I’m Still Watching the Winter Olympics

I’m still watching the Winter Olympics and that’s saying something because I’m not much of a winter sports fan.  NBC must be doing something right.   And I’m looking forward to watching Apolo Ohno race again, and to seeing Lindsey Vonn race for the first time.  Her injured shin should be on the mend after nearly a week of delays due to rotten weather conditions.  I’m also hoping to see Bode Miller win another medal.  He took the bronze in a downhill event a couple of days ago.   Those downhill racers are the toughest of the lot it seems.  I keep hearing stories like “coming off a broken back” so and so is back for another chance at Olympic gold.

Speaking of gold, it was sad to see Lindsey Jacobellis lose her chance as she skied off the course in Snowboard Cross and out of medal contention.  She did win the B Final and place 5th, but it must have been no consolation.  NBC did not interview her – she may not have wanted to talk to anybody, but we’d all like to hear her describe what happened in due course.

The Men’s Figure Skating short program was interesting.  Takahiko Kozuka who finished 8th skated to Jimi Hendrix – now that was cool.  And Stephane Lambiel, the amazing Swiss spinner who spun himself into 5th place, pleased the crowd but not the judges.

I’ll be watching, even though I’m not a big winter sports fan.  Hey, I can barely stand up on skis – maybe that’s why I’m not a fan.  But I am a fan of the Olympics.  I’ll be watching. How could I not – Sean White has yet to drop in from the half pipe.

Thrill Seeking Winter Olympians

Speed.  That’s what it’s all about.   Crossing the finish line on a sled at 90 miles an hour.  “Dropping in” on bumpy Cypress Mountain at full speed doing crazy aerial tricks like “helis” and backflips off two strategically placed jumps en route to the finish.  Vermont native Hannah Kearney won the USA’s first gold of the games in Women’s Mogul.  Speed. Turns. Air. Daring. Execution.

Risky business these games.  NBC’s Brian Williams presented a terrific report on the risks athletes take to compete in winter sporting events.  He suggests that winter Olympians are cut from the same DNA cloth; that they share a common gene which predisposes them to risk taking.   And the risks are enormous.  A young luger, Nodar Kumaritashvilia from the Republic of Georgia was the first and I hope only fatality at the Vancouver games – a horrible tragedy, which may have been preventable.  His father said that a mistake should never cost an athlete his life.   NBC aired the video a number of times on the day of the opening ceremony, with appropriate warnings that the footage would be difficult to watch.   And on opening day, Bob Costas announced that they would not show the video again.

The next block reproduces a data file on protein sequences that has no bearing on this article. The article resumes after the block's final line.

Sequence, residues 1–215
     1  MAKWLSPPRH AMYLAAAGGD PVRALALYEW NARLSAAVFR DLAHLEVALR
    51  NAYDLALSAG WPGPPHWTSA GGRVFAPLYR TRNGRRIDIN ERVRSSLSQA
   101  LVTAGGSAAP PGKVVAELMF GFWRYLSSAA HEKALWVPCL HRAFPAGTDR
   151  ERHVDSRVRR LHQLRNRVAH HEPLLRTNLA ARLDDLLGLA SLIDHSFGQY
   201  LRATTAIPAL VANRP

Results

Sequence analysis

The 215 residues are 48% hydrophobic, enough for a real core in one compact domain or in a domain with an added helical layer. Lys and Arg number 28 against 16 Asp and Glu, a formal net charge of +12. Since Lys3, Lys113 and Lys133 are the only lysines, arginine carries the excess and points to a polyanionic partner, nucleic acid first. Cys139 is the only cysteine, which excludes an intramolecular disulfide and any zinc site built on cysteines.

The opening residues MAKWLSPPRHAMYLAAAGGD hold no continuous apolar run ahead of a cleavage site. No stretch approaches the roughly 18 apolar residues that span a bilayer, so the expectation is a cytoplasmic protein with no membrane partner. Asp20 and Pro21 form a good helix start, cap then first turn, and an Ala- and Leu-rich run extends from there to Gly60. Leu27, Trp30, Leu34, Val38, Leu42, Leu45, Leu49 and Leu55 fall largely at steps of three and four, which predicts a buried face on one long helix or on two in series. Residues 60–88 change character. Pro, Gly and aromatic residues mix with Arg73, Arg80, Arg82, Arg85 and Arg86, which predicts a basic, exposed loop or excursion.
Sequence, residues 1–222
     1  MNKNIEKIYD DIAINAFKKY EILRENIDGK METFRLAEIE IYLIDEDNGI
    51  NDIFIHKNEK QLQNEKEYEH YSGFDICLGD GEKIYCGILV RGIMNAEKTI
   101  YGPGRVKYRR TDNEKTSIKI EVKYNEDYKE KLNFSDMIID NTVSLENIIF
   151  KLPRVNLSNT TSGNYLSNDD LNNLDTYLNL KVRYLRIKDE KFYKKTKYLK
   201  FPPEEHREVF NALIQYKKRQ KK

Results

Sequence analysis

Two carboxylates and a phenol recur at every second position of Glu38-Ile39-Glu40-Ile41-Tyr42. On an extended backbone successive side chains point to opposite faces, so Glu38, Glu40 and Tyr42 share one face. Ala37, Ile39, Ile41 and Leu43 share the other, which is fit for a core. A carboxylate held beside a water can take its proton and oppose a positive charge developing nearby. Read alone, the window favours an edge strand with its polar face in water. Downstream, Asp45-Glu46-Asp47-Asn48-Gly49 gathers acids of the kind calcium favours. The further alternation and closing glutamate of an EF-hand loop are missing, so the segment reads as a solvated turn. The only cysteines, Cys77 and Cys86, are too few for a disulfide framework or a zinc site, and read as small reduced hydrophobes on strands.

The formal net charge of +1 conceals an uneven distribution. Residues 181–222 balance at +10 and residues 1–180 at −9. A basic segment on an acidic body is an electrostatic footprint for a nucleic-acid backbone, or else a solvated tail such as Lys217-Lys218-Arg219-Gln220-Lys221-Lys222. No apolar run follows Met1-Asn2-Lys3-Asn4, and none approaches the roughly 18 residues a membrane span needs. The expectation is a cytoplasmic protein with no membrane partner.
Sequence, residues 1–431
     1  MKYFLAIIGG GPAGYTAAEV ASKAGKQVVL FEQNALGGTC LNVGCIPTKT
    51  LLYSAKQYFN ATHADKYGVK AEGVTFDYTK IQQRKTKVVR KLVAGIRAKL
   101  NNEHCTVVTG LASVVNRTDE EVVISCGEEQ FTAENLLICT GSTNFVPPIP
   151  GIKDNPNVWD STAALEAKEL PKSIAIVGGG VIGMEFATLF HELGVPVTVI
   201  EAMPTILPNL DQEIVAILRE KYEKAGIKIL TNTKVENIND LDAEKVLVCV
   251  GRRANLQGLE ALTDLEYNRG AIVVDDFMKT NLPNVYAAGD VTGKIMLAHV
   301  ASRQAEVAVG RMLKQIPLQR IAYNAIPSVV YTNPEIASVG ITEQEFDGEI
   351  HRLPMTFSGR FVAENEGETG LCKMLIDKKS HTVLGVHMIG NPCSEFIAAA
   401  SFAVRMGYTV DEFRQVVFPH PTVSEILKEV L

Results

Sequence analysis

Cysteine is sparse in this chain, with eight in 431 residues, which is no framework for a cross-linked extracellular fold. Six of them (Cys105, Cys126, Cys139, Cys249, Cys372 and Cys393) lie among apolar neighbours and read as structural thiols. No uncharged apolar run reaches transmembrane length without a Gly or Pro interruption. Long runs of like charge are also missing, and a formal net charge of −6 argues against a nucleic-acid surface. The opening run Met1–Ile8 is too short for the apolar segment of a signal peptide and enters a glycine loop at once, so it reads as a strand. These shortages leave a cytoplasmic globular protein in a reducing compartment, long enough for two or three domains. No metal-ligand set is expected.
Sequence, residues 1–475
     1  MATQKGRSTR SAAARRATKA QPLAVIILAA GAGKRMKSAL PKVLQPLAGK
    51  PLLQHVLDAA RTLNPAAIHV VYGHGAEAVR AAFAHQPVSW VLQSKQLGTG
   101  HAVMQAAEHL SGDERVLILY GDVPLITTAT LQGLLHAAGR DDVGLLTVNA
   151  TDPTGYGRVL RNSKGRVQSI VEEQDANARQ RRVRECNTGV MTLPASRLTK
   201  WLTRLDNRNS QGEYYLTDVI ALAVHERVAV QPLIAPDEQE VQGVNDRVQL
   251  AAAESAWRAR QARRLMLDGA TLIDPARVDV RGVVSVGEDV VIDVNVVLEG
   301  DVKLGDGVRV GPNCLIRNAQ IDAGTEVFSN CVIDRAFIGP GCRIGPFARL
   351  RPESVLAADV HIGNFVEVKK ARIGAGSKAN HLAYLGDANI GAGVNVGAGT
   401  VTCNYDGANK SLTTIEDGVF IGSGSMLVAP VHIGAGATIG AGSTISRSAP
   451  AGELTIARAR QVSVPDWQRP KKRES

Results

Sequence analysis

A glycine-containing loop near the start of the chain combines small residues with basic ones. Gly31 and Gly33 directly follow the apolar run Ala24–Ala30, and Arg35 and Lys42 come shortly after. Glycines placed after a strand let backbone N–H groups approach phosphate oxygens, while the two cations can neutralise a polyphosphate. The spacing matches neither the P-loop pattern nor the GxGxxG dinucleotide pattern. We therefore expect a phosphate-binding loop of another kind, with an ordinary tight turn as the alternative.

And it’s not just the sliders who put themselves at risk of injury or worse.  Did you see the short track speed skating races?  Speed.  Spills.  In every race, somebody goes down.  This is part of the thrill of watching speed skating.  It’s not the fastest who always win, but the racer who outlasts the others, whose strategy prevails.  America’s most decorated skater, Apolo Ohno, now with 6 medals in his Olympic career, took the Silver in the Men’s 1500 meters short track speed skating final, a race in which he nearly finished 4th.  With seconds to go the 2nd and 3rd place Koreans whiped out allowing Ohno and fellow American JR Celski to sneak in to medal.

But I think downhill skiing is the most dangerous event of all.  Flying down a hill on skinny skis at break neck speed is just insane.  Skiers seem to suffer the most serious injuries of all.  And yet they can’t stop racing.  Just ask American alpine skiers Bode Miller and Lindsey Vonn.  Both know the risks.  Both have suffered severe injuries in downhill crashes.  And both, though less than 100% are back for more.  It is in their blood.

And it’s in my blood to watch these thrill seekers we call winter Olympians.